What are you driving?
The updated Volvo XC90 SUV. That, in case you don't know your Volvo nomenclature, is the Swedish company's largest SUV, a seven-seater. On sale since 2015, it's time for a midlife refresh for the range-topper, and the facelifted car is already on sale in Ireland.
Admittedly, the XC90 has been barely 'facelifted', though the new bumpers and smoother radiator grille up front help keep it fresh, as do a few new colours and wheel designs. We're testing the sportier looking R-Design variant, which is more distinctive than before, too, thanks to more gloss black detailing. The interior is barely changed either, though we have no problem with that. Owners of Android smartphones will be glad to hear that the XC90's touchscreen infotainment is now compatible with Android Auto (it has had Apple CarPlay for a long time), while the active safety functions have been updated to the latest technology Volvo offers elsewhere in its line-up.
The most significant change to the XC90 is the addition of mild hybrid assistance to the diesel engine. Look closely at the picture gallery and instead of the usual 'D5'-like badge at back, you'll see one that has 'B5' on it. That indicates the use of a new 48-volt electrical system comprising of a separate battery, kinetic energy recovery system and integrated starter generator. Volvo claims this leads to a 15 per cent improvement in efficiency.
At the time of writing, pricing starts at €77,970 for the XC90 Momentum. The other core trim lines are called R-Design and Inscription, with 'Pro' derivatives of each on the price list, too. Buyers choose between the B5 powertrain or the full plug-in hybrid T8 alternative.
Name its best bits
The integration of the mild hybrid technology is seamless, so drivers reap the rewards without putting any extra effort in. It helps fill in performance gaps in the diesel engine's delivery in a smooth manner, too, making it feel like there's something larger than a 2.0-litre four-cylinder engine under the bonnet. And while we didn't manage to replicate the official fuel consumption figures shown above, over 700 kilometres of mixed (quite quick) driving, we averaged 8.8 litres/100km, which is about a litre less per 100km than we'd expect of a diesel SUV of this size.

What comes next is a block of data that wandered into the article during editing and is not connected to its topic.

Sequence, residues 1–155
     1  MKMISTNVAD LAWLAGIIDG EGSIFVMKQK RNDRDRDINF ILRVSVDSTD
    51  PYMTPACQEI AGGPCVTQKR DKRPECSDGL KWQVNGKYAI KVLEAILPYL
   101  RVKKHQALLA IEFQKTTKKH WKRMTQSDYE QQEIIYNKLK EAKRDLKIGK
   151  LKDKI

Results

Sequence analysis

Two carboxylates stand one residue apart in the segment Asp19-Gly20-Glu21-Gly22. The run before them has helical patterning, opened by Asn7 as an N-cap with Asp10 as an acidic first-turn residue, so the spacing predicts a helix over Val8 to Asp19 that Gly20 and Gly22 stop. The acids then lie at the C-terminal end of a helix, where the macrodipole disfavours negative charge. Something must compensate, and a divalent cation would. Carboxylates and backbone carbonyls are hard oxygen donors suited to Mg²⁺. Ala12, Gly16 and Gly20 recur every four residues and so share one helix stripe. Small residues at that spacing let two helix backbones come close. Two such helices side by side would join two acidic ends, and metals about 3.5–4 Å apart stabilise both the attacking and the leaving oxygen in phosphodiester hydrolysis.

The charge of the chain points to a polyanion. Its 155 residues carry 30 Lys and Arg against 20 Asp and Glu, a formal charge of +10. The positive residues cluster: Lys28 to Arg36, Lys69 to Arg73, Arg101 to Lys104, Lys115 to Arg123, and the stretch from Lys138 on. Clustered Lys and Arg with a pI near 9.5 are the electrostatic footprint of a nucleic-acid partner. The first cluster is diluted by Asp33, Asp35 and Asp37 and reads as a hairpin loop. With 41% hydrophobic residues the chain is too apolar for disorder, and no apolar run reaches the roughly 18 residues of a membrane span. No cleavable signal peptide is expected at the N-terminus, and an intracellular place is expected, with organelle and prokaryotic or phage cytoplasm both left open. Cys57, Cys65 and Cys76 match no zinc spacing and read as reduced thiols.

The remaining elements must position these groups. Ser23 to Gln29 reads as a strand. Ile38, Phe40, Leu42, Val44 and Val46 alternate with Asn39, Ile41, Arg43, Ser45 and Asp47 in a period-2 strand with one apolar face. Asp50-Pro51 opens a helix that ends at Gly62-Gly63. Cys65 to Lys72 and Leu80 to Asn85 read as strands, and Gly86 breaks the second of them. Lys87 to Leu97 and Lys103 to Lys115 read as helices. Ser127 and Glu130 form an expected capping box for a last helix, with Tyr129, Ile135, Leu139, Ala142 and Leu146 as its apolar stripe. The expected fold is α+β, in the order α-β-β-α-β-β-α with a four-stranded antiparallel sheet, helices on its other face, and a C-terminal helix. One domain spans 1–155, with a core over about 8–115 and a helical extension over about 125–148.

That's not all the XC90 B5 has going for it, I might add. The powertrain is smooth, as mentioned, but the automatic gearbox is also so well-judged that, even on a challenging road, you'll rarely feel the need to override the transmission with the gearchange paddles behind the steering wheel. What's more, for such a large car, it makes short work of such roads, keeping unwanted body movements in check and feeling competent and in control, while still playing the role of long distance cruiser on the motorway with aplomb.
Anything that bugs you?
It's a shame that the large R-Design wheels detract from the low-speed ride comfort, as the car looks great on them. The chassis absorbs bumps better at speed, thankfully.
The only other demerit of note, and one we've levelled at plenty of cars that rely a little too heavily on their touchscreens, is that the driver has to take their eyes off the road to do most tasks on the XC90's touchscreen. We'd prefer manual controls for the air conditioning at the very least.
And why have you given it this rating?
There's big competition in the seven-seat luxury SUV segment right now, especially from the German marques. The Volvo certainly warrants comparison with those cars - and is arguably 'cooler'. The XC90 has a great interior, too, is competent on the road and also more efficient than ever.